The Carolinas are facing an increasingly deadly threat in their waters: flesh-eating bacteria.
Vibrio is a bacteria that is emerging more and more often off the waters of the North Carolina and South Carolina coast.
According to The State, the instances of vibrio being found in the rivers, sounds, and creeks of the region has soared as a result of climate change.
The warming of the Earth is causing sea levels to rise and storms such as hurricanes to intensify, both resulting in the natural spreading of the coastal water and the bacteria living within it. Additionally, vibrio is believed to be more dangerous in warmer temperatures.
Some of the common ways people can acquire vibrio infections are through swimming or handling seafood, such as crabs and shrimp.
The State reports that illness stemming from toxic vibrio have tripled since 2007 in South Carolina and doubled in North Carolina over the same timeframe; there have been over 500 cases of illness since then.
Meanwhile, cases of toxic vibrio around the country have doubled since 2007. There are 1,200 to 2,000 cases a year, per the CDC, but the government organization estimates the annual amount of those infected is around 80,000 people.
The amount of cases on the coast of the Carolinas is dramatically greater than inland
Hurricane rains can decrease the salinity of water, increasing the potential for exposure
‘It has already become a bigger problem in the last 10 or 12 years,’ University of South Carolina scientist Geoff Scott told The State.
‘This is going to have a substantial increase in health care concerns and health care costs, and compromise the safety of our waters.’
Vibrio infections can be hard to diagnose and often need to be treated quickly, before the size of sores and wounds increases.
Getting that treatment quickly in a hospital is even more challenging now due to the coronavirus pandemic.
Vibrio is still not believed to be a commonly occurring cause of infections in the state – North Carolina doesn’t even test for it in the water of their beaches.
Vibrio exposure is most likely to take place through water in rivers, creeks, and sounds
The Carolinas are a major hub for vibrio, but cases of infection are on the rise nationwide
But those in poor health and with liver problems can succumb to the microbe and many others are scarred forever.
For instance, vibrio vulnificus, the most toxic form of the bacteria, can sometimes lead to patients getting their legs or arms amputated to stave off further infection.
Those that contract sepsis while infected by vibrio vulnificus only survive half the time, according to the American Academy of Family Physicians.
‘You can get sick within just hours of exposure,’ Medical University of South Carolina’s John Gnann told The State.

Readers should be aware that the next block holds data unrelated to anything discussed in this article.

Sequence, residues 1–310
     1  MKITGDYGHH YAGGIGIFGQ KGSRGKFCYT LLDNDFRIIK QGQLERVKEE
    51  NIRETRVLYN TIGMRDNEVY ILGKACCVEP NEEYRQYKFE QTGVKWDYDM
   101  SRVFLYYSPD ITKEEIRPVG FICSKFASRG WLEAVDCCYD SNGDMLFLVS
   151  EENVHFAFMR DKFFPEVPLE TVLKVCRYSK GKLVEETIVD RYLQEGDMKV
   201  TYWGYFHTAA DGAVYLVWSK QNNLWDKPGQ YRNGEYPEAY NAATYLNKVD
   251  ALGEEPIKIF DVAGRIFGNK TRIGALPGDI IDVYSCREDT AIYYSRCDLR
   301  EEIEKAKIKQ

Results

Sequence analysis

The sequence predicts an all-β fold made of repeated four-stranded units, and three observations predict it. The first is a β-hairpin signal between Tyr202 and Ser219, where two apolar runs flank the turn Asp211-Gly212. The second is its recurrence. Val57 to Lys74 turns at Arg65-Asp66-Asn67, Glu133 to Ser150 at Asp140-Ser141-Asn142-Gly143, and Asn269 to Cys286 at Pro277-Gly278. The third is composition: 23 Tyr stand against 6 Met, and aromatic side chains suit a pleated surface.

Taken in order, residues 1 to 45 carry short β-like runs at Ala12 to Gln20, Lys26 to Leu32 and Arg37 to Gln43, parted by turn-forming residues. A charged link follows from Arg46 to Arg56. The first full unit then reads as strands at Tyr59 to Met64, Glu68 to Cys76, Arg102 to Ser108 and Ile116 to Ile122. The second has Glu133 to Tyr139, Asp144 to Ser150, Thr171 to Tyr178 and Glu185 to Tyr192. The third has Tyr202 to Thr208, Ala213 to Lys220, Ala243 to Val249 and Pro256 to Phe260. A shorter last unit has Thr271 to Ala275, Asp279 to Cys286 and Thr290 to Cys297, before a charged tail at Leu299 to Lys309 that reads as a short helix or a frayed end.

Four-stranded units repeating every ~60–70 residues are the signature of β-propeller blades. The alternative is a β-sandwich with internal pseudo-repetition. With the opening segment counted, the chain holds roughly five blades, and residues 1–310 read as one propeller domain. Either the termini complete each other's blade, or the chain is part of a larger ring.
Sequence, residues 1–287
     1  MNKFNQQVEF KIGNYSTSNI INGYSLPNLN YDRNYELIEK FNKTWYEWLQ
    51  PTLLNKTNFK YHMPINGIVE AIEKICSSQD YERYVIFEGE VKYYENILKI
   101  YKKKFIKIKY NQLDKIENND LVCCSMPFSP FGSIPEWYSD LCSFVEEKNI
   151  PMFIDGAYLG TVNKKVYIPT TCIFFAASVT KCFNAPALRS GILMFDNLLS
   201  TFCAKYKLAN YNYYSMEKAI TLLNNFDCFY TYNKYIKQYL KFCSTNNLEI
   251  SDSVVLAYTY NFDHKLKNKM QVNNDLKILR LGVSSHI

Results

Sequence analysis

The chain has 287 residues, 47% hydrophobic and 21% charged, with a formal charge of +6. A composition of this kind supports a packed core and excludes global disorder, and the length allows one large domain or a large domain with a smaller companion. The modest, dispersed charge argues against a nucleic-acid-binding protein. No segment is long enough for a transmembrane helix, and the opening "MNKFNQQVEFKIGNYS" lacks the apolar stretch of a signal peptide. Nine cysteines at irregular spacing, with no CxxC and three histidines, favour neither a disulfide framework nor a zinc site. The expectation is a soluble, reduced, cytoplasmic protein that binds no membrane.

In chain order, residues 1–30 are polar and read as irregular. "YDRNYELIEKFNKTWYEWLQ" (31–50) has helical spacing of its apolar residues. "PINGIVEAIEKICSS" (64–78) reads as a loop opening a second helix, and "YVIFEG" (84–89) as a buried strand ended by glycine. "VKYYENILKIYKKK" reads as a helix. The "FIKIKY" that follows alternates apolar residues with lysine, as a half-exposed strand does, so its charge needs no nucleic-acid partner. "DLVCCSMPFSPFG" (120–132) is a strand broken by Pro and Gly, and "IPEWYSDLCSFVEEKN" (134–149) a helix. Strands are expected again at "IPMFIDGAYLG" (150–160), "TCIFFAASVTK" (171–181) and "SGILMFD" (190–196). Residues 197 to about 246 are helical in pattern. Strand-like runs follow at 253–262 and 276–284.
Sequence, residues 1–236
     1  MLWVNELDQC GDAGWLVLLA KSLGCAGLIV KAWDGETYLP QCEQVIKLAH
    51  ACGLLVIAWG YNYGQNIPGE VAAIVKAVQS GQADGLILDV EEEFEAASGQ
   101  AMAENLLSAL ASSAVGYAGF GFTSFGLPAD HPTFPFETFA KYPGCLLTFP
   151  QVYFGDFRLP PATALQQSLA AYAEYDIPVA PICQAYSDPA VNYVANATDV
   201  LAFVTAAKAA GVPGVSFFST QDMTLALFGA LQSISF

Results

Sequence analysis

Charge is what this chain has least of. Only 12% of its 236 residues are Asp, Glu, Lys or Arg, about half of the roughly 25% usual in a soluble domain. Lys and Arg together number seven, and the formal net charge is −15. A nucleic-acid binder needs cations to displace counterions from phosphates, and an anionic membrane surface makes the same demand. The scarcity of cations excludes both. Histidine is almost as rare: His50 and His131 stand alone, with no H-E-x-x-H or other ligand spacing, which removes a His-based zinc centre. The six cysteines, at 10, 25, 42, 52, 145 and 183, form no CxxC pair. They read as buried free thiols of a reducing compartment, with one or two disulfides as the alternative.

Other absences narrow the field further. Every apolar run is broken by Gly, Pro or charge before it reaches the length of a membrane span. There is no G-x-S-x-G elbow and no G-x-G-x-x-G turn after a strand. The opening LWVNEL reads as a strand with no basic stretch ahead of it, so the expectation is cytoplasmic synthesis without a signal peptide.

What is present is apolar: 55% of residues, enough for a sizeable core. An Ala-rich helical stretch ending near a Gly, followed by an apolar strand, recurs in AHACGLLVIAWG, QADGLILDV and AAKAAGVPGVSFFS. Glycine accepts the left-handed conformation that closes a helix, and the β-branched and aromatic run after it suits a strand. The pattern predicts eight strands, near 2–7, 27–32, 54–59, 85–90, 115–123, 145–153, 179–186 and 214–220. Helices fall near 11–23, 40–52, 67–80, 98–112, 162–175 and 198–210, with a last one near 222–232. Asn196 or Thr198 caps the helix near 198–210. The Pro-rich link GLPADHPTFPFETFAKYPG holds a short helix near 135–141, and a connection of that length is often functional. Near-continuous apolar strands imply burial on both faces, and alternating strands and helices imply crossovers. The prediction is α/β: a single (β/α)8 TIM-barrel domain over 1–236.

‘If you’re badly infected and particularly if you don’t seek medical care quickly enough, you can certainly be dead in a day or two.’
Billy Bailey passed away just days after being bitten by a crap and becoming infected
Jose Luis Ruiz survived his infection, but lost his leg and lives in pain years after infection
Billy Bailey died within days of being bitten by a crab on Big Bay Creek in October 2017. He experienced shivering, coldness, an upset stomach, and difficulty walking before dying in a hospital.
Ron Phelps, 85, scraped his leg while cleaning up after Hurricane Florence in 2018. Days later, he collapsed; doctors amputated his leg, but ultimately couldn’t save his life.
Phelps was one of at least 14 people who contracted a vibrio infection in North Carolina after Hurricane Florence.
Eddie Clinton, 68, survived his vibrio infection, but fell into a coma for a week and a half, had one of his legs amputated, and remained in the hospital for 93 days.
There’s still a lot to learn about vibrio infections and a greater need for local states to study and track them.
Infections are likely to increase as the effects of climate change increase, however.
‘Vibrio simply falls to a much lower priority and it can soon turn into a significant public health threat,’ said Glenn Morris, the University of Florida’s director of the emerging pathogens institute.
DEADLY FLESH-EATING BACTERIA; VIBRIO INFECTIONS
Vibrio is a bacteria that is often found in warm water, particularly off the coast of North Carolina and South Carolina.
The presence of vibrio in the local communities is increasing due to rising sea levels and stronger storms, brought on by climate change.
Annual cases have more than tripled in South Carolina since 2007, from an average of 8 to an average of 29.
A case of flesh-eating bacteria landed a Florida woman in the hospital recently after she entered the water with a small cut on her foot on July 5, 2019
Annual cases have more than doubled in North Carolina since 2007, from an average of 21 to an average of 41.
The CDC reports anywhere from 1,200 to 2,000 cases of toxic vibrio infections annually around the United States.
Cases are historically underreported, however, and the CDC estimates there could be around 80,000 toxic vibrio infections each year.
Infections can result in giant wounds, emergency amputations, sepsis, and even death.